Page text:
At the time of writing this, there are thousands of analytics Chrome extensions in the Google Chrome Web Store.
Working out which ones will have an impact on your workflow is tough. That’s why we’ve put together a list of 11 Chrome extensions that you should use to gain insights and work smarter with Google Tag Manager and Google Analytics.
From debugging and viewing all the way to enhancing your data, we’ve tested loads of them, and here are the top 11 I find that makes my life easier and give me more insight.
A very useful extension developed by us right here at MeasureSchool. Our Copy/Paste extension allows you to easily copy and paste tags, variables, triggers, and more from one Google Tag Manager Container to another.
This speeds up your work and reduces the chance of human error when copying everything over manually. Check out our quick and easy guide to the GTM Copy/Paste extension!
2. PII Viewer
PII stands for Personal Identifiable Information, which is prohibited by the Google Analytics Terms of Service. Any information like the email address or the name is not allowed to be sent and stored in Google Analytics.
Instead, you can send a unique identifier, for example, a user ID. This identifier lets you connect the users’ data in Google Analytics with an external database.
With the PII Viewer extension, you can import information through a CSV and map the data with Google Analytics’ unique ID to see the actual Personal Identifiable Information that is attached to this user ID.
The PII is not stored on the Google Analytics servers, and now you can backtrack exactly the user that has taken a specific action or visited a particular page. Very powerful.
We encourage you to heavily test this because it still relies on the right CSS selectors and we have found that in some cases you might need to adjust the CSS selection accordingly.
Once you enable this extension, it tells you which codes have fired on your page, including Google Analytics, Adwords Conversion Tracking, Google Tag Manager, and more.
It’s an essential tool for anybody who works with these Google products, and although sometimes the recommendations are off, it’s still a great feature to have.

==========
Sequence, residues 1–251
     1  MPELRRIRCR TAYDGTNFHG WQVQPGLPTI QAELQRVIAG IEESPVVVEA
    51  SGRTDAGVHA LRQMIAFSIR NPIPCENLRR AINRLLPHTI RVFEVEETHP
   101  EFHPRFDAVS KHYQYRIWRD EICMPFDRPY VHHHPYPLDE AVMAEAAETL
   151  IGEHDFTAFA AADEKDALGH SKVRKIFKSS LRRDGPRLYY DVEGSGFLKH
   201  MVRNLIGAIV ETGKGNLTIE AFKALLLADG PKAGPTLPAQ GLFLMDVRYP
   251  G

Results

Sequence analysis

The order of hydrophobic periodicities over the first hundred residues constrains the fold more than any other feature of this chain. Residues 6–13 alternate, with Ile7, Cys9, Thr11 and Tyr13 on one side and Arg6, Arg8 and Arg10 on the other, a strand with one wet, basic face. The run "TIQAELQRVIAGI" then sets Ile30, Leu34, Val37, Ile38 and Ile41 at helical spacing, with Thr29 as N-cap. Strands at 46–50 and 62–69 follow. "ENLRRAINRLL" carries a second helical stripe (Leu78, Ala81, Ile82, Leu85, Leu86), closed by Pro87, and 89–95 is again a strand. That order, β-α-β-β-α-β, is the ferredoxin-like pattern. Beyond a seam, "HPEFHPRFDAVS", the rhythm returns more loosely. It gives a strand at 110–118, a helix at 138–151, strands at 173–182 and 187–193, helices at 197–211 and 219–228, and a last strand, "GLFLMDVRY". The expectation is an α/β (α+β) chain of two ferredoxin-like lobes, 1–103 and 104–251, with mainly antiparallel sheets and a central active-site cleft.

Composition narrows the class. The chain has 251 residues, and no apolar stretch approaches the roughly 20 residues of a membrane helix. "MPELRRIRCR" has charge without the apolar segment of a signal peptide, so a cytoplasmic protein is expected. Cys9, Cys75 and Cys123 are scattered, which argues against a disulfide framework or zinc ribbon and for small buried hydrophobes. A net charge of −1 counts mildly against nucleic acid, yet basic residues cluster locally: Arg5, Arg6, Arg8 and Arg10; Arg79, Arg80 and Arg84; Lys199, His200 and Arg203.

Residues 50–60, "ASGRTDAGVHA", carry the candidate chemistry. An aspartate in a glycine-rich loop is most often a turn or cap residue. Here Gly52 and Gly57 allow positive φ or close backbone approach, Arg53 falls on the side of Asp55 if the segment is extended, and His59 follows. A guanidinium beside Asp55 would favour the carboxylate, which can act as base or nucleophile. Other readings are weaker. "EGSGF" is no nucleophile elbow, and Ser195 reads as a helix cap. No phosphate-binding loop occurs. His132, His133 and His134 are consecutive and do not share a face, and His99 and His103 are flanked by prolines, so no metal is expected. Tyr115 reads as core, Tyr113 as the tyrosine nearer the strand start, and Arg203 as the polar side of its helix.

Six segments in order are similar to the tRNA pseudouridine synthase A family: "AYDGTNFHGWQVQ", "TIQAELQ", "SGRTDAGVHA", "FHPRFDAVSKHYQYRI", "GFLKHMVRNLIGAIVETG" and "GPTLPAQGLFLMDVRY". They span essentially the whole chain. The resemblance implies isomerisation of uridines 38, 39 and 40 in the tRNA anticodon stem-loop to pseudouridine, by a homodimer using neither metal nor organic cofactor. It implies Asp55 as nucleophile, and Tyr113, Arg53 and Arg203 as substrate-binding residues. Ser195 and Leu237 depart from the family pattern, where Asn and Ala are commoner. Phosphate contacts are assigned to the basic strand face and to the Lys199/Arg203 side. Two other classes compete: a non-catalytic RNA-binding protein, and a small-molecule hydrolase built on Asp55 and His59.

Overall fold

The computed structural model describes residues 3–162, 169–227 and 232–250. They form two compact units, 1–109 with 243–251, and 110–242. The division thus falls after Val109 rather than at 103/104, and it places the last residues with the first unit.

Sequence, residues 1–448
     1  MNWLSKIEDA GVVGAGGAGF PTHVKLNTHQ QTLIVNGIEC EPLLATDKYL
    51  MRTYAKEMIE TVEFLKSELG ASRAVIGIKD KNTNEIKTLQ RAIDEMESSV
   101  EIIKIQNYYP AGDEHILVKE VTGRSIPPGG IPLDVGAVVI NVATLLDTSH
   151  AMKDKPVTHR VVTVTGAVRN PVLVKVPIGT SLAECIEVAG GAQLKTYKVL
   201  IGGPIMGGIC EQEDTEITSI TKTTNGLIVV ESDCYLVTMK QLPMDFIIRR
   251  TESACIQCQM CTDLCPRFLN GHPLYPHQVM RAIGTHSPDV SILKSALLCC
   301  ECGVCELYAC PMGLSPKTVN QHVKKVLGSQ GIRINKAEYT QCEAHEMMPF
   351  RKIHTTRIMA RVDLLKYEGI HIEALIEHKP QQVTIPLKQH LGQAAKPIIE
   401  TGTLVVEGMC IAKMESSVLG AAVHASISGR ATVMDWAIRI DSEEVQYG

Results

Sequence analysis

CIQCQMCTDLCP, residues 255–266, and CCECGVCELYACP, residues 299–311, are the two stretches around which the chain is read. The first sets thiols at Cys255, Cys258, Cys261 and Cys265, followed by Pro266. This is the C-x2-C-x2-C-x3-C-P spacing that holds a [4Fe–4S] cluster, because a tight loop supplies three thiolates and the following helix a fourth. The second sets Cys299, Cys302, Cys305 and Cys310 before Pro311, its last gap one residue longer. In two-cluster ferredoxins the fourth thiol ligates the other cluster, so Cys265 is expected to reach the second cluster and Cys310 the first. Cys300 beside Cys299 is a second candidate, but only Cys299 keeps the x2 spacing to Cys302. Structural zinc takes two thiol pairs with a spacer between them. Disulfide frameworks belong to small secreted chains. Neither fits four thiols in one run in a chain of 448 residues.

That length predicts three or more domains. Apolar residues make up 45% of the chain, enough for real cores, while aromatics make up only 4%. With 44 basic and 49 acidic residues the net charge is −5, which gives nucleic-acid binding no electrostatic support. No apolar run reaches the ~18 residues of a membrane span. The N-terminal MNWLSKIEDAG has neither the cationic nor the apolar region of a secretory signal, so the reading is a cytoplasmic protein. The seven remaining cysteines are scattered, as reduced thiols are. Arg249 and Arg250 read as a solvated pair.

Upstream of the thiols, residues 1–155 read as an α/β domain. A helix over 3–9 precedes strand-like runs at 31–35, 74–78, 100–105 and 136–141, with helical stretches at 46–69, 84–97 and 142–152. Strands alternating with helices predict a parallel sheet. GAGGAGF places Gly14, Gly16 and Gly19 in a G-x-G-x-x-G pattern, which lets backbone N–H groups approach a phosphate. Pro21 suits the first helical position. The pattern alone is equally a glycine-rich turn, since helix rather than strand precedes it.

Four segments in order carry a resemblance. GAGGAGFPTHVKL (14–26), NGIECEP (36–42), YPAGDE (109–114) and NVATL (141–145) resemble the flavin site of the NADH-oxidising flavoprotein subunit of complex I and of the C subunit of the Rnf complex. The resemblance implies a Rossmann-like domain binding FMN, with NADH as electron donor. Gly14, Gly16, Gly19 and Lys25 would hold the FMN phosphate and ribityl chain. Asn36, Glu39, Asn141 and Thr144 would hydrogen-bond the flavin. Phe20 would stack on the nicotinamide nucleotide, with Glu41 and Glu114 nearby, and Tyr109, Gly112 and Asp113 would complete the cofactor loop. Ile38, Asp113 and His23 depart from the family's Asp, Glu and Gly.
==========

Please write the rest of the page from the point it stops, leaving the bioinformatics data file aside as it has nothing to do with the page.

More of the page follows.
There are other capabilities with this extension. You can start recording a session, visit other websites, and view the recording with a report that shows you which codes fired on which pages.
5. GA Debugger
When it comes to the first line of debugging your Google Analytics installation, GA Debugger is the go-to extension.
This useful extension enhances your experience with your Google Marketing Platform tools like AdWords, Google Analytics, Google Tag Manager, and Data Studio. I cannot recommend this enough.
Da Vinci Tools brings handy enhancements to you directly within the interface. For example, you can enable heat maps in your Google Analytics reports, which is quite useful when analyzing because you can quickly spot trends. Easily calculate the metrics that you want to compare for an A/B test and then calculate the statistical significance.
Note: Support for this analytics Chrome extension has recently been discontinued.
This tool was part of Google Analytics but now is deployed via a Chrome extension.
It gives you some data about a page, and you can visually see how users interact with your website. For example, how many people are on this website at this time, a heat map here for the clicks, and so on.
A great extension that marketers often use to deploy a Google Tag Manager container. It works even on pages that you don’t have access to, and all you need is a Google Tag Manager ID. Additionally, you can push any data layer values.
It is a handy extension to add a Google Tag Manager container if you don’t have access to the website. Consider it when you want to prepare for client demonstrations or just for practice.
9. GTM Sonar
When you are testing the triggers for links, clicks, or similar events, once you click the element, the website often forwards you to the next page. This makes inspecting what happened inside of the preview and debug mode a bit hard sometimes.
Simo Hava has built an extension called the GTM Sonar which automatically stops the browser so you can inspect the variables or data layer. It is handy when working with auto event triggers and is absolutely an alternative to stopping the page load or using the CTRL or command key to open it in a new tab (sometimes this doesn’t work).
This extension helps you look at the data layer in a different format than the Console. Open up the DataSlayer tab in the Developer tools, and you will find the different data layer values that were loaded.
With this tool, you can quickly identify any errors or shortcomings that you might want to implement in the data layer.
Last but not least, WASP is an Analytics Chrome Extension that has been around for a while. You can do a lot of validation because it gives you an overview of what is pushed into the data layer, how tags load, via which script, and how they are working together.
This is particularly interesting once you want to identify where a tag comes from when you don’t see the tag in the actual source code.
Another use case is when you find multiple Google Analytics codes deployed, and you need to figure out where different connections come from. This tool is definitely a lifesaver in regards to finding out where a tag is placed.
There you have it, my tope 11 Analytics Chrome extensions that I use all the time. Now of course new ones are developed all the time. So, what is your favorite Chrome extension? Let us know in the comments.
And, head over here if you want to check out more of the tools that MeasureSchool develops.